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Re: [LincolnTalk] CDC does recommend the application of pesticides | RE: 5-Year-Old Sudbury Girl In Critical Condition After Testing Positive For EEE Virus | CommonHealth

Dennis Liu

Staci, I must admit to some confusion; did you read my email?  It cites the CDC position on spraying for mosquito control.  Several links are provided.

 

I guess if you’re looking for a specific recommendation from the CDC for spraying to control *EEE*, then, I guess you’re right, in that I too have not seen anything from the CDC on that *specific* question.  However, I take the following logical conclusion:

 

  1. The CDC concludes that spraying as an important part of integrated pest management, stating that it’s safe and effective for the control of mosquito populations.
  2. The US has had great success in using spraying, as part of IPM, in reducing or eliminating a variety of mosquito-borne diseases in many areas around the country.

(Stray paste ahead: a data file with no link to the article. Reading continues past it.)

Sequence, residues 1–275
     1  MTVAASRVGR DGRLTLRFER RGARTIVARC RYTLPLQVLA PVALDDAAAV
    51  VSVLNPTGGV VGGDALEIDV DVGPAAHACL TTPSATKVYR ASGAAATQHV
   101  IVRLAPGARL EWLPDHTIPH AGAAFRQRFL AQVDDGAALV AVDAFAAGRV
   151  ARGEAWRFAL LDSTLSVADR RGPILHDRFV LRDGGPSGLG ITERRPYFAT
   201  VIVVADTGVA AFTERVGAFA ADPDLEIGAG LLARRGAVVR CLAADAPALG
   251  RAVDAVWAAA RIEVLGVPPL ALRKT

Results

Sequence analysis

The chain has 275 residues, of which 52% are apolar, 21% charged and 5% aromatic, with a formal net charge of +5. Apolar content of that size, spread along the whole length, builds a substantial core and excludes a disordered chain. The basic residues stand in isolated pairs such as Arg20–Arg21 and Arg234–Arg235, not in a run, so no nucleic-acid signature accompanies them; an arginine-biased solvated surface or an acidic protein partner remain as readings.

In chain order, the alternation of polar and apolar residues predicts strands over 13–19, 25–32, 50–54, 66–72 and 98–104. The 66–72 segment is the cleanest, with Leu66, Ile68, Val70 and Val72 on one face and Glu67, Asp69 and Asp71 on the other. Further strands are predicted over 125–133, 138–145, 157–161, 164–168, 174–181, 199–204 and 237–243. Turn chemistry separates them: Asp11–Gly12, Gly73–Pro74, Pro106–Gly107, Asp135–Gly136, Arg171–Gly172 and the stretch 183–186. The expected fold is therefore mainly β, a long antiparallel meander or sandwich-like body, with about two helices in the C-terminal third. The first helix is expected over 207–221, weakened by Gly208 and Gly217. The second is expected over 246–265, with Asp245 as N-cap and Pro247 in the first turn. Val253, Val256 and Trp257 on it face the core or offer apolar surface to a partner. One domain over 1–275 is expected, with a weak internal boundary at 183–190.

3. Mosquitoes are the vector for EEE.
  4. THEREFORE, public health officials should include all the elements of IPM, including targeted spraying, when an outbreak of a deadly mosquito borne disease like EEE happens in their area.

 

Am I missing something?

 

--Dennis

 

 

From: Staci Montori <[hidden email]>
Sent: Monday, September 9, 2019 11:55 AM
To: Dennis Liu <[hidden email]>; <[hidden email]> <[hidden email]>
Subject: Re: CDC does recommend the application of pesticides | RE: [LincolnTalk] 5-Year-Old Sudbury Girl In Critical Condition After Testing Positive For EEE Virus | CommonHealth

 

Thanks Dennis but my question was for Seth and with regards to CDC and aerial spraying for EEE.